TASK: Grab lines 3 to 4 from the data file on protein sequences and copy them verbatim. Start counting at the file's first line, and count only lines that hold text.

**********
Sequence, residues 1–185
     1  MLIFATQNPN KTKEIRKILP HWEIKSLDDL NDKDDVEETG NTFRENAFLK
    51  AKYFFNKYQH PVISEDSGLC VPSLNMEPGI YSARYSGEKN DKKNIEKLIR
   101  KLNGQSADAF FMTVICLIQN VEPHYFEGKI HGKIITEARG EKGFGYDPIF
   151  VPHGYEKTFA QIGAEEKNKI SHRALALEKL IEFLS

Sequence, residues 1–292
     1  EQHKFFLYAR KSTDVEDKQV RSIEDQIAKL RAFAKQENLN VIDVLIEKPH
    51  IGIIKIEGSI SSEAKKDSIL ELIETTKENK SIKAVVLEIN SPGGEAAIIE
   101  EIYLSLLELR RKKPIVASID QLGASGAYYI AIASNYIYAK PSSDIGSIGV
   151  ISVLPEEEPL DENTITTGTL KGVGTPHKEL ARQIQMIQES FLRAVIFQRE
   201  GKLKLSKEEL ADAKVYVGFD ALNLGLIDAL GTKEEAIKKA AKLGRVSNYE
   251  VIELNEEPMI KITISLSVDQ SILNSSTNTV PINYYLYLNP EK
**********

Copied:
    51  AKYFFNKYQH PVISEDSGLC VPSLNMEPGI YSARYSGEKN DKKNIEKLIR
   101  KLNGQSADAF FMTVICLIQN VEPHYFEGKI HGKIITEARG EKGFGYDPIF